Absurdly Driven looks at the world of business with a skeptical eye and a firmly rooted tongue in cheek.
I adore an uplifting story.
It resuscitates my faith in the vestiges of human goodness.
I couldn't help but offer a smile, therefore, when I heard that everything at Southwest Airlines was really quite dandy.
During seemingly every San Francisco Giants broadcast, I'm confronted with the happy faces of the airline telling me how there's real love all around.
And only last week, I wrote about how the airline's CEO, Gary Kelly, had intimated that if Southwest gets compensation from Boeing after the 737 MAX debacle, it wants to share it with employees.
Which is why I was rendered momentarily insensate on reading this headline last week: No Love: Southwest Airlines Refuses to Stop Fighting Its Expert Mechanics in Court Even After Contract.
Here was the Southwest mechanics' union--the Aircraft Mechanics Fraternal Association--talking to the trendily influential medium of Medium to portray a different Southwest from the one we're sold.
This was most odd.
You see, in March, the airline and its mechanics rose as one from the negotiating table and saluted their renewed mutual bond.
After seven years of sometimes nasty bargaining, the mechanics had secured a 20 percent raise and $160 million of back pay.
In May, when the deal was officially announced, Southwest seemed mutedly relieved. The airline declared:
This new contract benefits all parties as it takes care of our People and preserves the long-term health of Southwest Airlines.
What on earth happened since?
The mechanics describe the current situation as a touch infected:
The contract didn't bring peace between our union and the company. Far from it. There were three lawsuits still pending that needed to be resolved. During bargaining, both sides expressed to each other and the courts their expectation that resolution of collective bargaining would resolve this litigation. Yet when the company agreed on a new contract, the members ratified it, and the company signed the contract, it backtracked and refused to end the litigation.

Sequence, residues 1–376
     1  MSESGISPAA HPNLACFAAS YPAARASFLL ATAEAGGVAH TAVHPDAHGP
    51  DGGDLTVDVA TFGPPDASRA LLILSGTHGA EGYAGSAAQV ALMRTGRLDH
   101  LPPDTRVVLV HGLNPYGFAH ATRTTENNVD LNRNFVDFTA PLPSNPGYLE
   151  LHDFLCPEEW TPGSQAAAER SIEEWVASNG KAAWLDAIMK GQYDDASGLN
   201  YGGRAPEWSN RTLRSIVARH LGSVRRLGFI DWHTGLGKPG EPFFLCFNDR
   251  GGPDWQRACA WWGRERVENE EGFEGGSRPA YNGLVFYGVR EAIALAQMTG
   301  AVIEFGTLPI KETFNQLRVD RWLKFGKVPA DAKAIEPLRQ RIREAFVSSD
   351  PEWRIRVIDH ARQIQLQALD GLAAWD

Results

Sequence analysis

The airline is still suing its mechanics?
The mechanics say the airline is trying to squeeze $20 million from previous legal claims of alleged wrongdoing.
Behind it, they say, are much darker intentions:
Southwest's ill-fated attempt to deunionize its workforce has begun.
Naturally, I asked Southwest for its thoughts on these troubling accusations.
An airline spokeswoman told me:
We are pleased that in March we were able to reach an agreement that delivered well-deserved pay increases to our mechanics. We are not providing details on the pending litigation with AMFA, but are focused on preventing these types of customer disruptions from happening in the future.
I do try to read between the lines of corporate statements. There's usually so much space.
It's hard not to get the impression that the airline still thinks the union will attempt to affect operations if it doesn't get its way on everything.
Unions can, at times, have a considerable flair for the dramatic.
Airlines, in turn, tend not to adore unions. Many look longingly toward Delta, which aggressively--and sometimes nastily--fights the idea of unionization among many of its employees.
Yet this isn't a fine image for Southwest to project.
After all, the airline is supposed to be the reasonable, friendly, people's airline, the one whose employees have smiles congenitally embedded in their souls.
It's American Airlines that's supposed to have unpleasant relations with its employees--and especially its mechanics--right?